Planetary Companions, Barnard’s Star
(a) Introduction. A conventional observational distinction between stars and planets is the upper limit of 0.001ℳ⊙ for the most massive known planet, Jupiter, in our solar system and the lower limit 0.06ℳ⊙ for the mass of a bona fide star, e.g. Ross 614 B. While there are indications for the existence of objects of intermediate mass (Chapter 14), the potential discovery of as yet unseen planets orbiting stars other than the Sun remains of prime interest. At present it is not possible to ‘see’ a planet as large as Jupiter and shining by reflected light, even for the nearest star Alpha Centauri, though new techniques, beyond the conventional visual, may yield results in the not too distant future.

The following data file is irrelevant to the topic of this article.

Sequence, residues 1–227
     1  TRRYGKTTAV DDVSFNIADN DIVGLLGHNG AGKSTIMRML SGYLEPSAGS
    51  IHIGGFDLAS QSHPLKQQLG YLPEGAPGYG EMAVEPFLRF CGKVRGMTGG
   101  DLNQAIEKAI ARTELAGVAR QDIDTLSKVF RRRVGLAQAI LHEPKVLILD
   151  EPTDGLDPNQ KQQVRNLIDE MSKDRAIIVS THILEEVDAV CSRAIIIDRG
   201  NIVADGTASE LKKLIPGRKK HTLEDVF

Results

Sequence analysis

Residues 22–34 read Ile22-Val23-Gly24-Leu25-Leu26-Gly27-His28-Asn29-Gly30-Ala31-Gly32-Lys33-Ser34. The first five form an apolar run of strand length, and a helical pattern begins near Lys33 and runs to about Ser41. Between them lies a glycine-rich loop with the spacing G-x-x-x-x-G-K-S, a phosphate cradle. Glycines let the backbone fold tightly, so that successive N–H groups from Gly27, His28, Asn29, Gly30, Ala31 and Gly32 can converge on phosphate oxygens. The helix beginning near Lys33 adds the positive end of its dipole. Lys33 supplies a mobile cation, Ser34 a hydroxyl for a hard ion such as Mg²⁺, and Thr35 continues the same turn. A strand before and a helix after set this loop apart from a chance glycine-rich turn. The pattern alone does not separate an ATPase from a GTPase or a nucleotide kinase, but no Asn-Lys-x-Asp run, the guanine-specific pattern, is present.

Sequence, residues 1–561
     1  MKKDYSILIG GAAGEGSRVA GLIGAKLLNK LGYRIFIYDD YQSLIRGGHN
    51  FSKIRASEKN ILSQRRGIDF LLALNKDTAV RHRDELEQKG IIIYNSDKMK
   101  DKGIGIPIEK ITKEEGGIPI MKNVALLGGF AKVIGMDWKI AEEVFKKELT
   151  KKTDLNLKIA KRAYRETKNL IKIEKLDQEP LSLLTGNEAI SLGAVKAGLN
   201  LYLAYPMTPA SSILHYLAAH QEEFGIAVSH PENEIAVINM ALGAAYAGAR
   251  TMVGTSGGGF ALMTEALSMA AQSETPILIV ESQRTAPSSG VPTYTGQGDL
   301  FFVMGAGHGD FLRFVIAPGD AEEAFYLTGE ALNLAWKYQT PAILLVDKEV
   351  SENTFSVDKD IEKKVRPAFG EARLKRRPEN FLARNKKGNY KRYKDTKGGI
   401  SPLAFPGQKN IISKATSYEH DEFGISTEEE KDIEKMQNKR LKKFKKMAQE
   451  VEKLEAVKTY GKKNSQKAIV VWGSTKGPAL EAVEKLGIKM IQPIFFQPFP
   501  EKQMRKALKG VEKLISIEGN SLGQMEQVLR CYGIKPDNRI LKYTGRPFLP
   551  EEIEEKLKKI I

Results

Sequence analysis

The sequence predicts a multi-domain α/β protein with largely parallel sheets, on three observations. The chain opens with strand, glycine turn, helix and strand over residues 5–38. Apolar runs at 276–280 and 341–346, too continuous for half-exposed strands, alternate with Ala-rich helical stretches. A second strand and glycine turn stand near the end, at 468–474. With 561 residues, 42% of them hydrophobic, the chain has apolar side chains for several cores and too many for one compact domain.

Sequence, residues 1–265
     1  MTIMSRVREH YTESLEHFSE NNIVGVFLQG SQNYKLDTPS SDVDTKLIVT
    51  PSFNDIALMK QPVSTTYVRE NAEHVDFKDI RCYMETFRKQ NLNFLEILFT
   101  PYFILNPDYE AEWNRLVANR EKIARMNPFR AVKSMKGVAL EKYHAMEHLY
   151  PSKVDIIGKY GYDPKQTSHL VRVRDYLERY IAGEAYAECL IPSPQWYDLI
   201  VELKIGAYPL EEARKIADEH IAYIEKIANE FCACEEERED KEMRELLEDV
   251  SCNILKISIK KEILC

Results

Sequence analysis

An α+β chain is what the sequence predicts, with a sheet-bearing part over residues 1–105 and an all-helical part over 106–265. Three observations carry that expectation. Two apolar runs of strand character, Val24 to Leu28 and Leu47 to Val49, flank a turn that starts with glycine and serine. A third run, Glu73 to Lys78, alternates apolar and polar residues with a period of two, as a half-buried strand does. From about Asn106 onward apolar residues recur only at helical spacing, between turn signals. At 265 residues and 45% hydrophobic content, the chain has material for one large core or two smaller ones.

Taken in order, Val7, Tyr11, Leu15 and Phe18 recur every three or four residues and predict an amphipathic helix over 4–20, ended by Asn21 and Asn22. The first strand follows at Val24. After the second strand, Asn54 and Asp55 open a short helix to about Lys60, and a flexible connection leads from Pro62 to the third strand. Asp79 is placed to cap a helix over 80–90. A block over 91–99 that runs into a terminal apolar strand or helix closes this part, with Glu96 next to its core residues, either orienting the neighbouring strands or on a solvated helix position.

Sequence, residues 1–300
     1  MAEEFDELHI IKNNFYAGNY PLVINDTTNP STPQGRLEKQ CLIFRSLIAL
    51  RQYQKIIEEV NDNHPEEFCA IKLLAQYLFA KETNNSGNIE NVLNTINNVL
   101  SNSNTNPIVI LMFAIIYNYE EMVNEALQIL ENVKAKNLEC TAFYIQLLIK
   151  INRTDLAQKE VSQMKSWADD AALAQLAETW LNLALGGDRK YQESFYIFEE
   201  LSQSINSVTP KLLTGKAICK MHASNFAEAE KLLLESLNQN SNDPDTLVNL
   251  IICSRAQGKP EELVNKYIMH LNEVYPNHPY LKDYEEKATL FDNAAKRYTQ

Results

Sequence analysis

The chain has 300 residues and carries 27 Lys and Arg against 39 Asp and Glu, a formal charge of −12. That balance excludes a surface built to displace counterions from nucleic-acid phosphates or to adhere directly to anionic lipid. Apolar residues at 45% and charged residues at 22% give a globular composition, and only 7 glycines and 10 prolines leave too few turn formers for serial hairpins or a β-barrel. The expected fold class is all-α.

Unable to display preview. Download preview PDF.